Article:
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Subject: Re: [boost] shared_ptr<>: why no operator[] ? [SEC=UNCLASSIFIED]
From: Levy, Gabriel (Contractor) (Gabriel.Levy_at_[hidden])
Date: 2011-07-27 05:35:04



The following statement

boost::shared_ptr<int> p(new int(42));

is NOT allocating an array of int, it allocates only 1 int and
initialises it to the value of 42.

To instantiate an array the statement would have to use .... (new
So the doco you refered to IS correct.
Hope this clarifies it...

Gabe Levy
Senior Software Engineer, Contractor, Estrings Pty Ltd

-----Original Message-----
From: boost-bounces_at_[hidden]
[mailto:boost-bounces_at_[hidden]] On Behalf Of dgwsoft
Sent: Wednesday, 27 July 2011 6:37 PM
To: boost_at_[hidden]
Subject: Re: [boost] shared_ptr<>: why no operator[] ?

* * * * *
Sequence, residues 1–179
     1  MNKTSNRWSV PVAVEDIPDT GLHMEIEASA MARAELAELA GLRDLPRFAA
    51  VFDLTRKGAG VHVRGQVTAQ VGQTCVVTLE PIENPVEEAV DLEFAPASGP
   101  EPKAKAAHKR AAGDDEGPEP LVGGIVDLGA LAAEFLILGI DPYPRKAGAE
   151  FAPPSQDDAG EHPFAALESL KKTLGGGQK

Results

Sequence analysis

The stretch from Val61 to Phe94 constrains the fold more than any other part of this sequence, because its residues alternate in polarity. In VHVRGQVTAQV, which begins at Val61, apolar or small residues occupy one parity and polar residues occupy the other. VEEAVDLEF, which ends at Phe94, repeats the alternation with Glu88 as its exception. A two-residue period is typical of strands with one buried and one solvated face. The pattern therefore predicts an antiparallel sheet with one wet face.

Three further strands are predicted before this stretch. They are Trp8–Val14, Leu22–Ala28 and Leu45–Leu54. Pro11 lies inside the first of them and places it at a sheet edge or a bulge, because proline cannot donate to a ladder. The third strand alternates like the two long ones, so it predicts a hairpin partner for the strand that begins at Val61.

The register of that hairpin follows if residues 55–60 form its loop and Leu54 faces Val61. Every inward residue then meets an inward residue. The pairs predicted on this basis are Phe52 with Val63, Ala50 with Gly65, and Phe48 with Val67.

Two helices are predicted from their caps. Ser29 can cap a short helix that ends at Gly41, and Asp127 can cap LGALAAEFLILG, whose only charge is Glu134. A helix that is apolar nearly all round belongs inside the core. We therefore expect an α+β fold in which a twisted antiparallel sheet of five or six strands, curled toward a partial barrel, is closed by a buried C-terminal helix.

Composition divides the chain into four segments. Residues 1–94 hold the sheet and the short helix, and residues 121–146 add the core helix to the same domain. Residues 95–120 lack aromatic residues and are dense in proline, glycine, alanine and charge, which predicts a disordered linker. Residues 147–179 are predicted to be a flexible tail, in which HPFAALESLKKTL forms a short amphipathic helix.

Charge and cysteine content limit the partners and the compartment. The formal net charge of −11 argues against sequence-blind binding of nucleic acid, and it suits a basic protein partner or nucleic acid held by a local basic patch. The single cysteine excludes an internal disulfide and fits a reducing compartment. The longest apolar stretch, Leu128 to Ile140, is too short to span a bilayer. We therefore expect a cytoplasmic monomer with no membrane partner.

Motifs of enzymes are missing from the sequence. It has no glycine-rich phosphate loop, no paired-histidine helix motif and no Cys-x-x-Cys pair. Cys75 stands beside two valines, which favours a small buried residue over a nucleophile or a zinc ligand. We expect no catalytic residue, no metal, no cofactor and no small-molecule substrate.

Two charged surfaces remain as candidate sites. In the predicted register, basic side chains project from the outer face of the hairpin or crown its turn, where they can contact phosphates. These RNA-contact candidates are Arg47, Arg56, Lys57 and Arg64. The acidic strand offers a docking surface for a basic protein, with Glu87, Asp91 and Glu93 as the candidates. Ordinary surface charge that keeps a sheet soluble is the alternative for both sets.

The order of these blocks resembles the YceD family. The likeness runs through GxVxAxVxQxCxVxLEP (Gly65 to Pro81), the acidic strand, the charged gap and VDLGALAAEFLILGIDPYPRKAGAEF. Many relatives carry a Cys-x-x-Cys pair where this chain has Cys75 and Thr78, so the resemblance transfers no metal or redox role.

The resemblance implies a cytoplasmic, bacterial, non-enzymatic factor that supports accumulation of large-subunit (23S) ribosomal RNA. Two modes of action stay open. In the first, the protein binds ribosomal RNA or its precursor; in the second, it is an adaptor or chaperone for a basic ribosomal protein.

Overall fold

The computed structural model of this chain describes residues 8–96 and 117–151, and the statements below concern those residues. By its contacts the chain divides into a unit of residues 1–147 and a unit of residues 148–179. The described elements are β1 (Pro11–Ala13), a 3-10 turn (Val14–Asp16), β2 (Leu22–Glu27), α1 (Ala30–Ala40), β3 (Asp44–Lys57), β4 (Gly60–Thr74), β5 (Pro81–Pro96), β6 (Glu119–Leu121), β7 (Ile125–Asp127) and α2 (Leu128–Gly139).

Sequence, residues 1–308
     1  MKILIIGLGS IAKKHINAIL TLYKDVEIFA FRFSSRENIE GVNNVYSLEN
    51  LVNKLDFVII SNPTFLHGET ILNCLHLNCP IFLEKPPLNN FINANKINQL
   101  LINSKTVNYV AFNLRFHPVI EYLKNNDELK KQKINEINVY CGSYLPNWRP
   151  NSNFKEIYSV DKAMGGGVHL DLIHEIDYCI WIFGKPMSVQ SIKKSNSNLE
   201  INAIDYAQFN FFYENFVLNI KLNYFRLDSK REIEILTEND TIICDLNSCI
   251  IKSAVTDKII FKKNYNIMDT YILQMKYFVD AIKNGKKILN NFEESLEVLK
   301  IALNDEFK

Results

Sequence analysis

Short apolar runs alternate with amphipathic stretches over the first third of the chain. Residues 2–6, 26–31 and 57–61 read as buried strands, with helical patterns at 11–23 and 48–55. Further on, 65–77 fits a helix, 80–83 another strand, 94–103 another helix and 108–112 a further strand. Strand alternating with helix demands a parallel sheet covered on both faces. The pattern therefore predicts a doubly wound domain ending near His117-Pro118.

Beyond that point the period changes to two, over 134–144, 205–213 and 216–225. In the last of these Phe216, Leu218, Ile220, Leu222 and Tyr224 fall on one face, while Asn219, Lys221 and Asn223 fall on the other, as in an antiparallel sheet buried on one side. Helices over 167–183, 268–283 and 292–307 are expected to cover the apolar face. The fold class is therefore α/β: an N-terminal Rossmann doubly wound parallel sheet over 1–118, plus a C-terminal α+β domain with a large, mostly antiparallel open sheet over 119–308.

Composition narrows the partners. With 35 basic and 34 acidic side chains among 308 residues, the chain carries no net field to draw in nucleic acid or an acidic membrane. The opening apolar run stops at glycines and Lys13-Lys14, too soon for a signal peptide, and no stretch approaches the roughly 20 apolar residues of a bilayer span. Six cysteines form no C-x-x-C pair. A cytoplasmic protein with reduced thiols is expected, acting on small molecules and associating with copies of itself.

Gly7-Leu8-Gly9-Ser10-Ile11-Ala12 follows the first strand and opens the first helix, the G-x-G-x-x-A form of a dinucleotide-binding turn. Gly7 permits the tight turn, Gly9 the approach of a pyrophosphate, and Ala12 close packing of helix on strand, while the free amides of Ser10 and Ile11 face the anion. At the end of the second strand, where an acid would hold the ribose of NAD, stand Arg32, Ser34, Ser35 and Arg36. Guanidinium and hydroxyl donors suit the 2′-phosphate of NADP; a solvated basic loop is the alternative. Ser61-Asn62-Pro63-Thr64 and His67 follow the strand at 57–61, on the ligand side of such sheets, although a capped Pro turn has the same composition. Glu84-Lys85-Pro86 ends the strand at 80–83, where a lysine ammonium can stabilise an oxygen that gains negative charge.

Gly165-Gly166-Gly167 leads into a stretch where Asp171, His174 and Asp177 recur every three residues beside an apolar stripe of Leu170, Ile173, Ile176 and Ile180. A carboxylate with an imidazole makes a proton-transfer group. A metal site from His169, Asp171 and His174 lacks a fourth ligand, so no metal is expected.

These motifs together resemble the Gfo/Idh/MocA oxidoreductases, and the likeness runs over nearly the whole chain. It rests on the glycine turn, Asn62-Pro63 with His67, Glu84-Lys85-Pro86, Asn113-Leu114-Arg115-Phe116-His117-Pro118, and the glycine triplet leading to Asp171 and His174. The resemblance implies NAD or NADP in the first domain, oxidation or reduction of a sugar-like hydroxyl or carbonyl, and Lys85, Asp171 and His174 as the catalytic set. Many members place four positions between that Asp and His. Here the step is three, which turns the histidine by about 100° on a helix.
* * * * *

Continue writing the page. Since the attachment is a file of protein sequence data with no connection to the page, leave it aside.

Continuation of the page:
Neil Groves-3 wrote:
> On Tue, Jul 26, 2011 at 11:39 PM, dgwsoft &lt;gareth_at_[hidden]&gt;
> wrote:
>> boost::shared_ptr<int> p(new int(42));
>> To access elements of the array I can do:
>> p.get()[10] = 7;
>> But wouldn't it be nicer to do:
>> p[10] = 7; // ?
>> So: why is no T& operator[](int) defined for shared_ptr ? I'm just
>> interested in the design reasons for this.
> This isn't guaranteed to properly destroy the array. It will call
> delete, rather than delete[].
> This is why there is also boost::shared_array which is what you should

> be using and has an operator[].

Thanks, Neil, that makes perfect sense. One should never do:

boost::shared_ptr<int> p(new int(42));

In which case, someone should look at this page:

(under Thread Safety) which is where I copied that code from.



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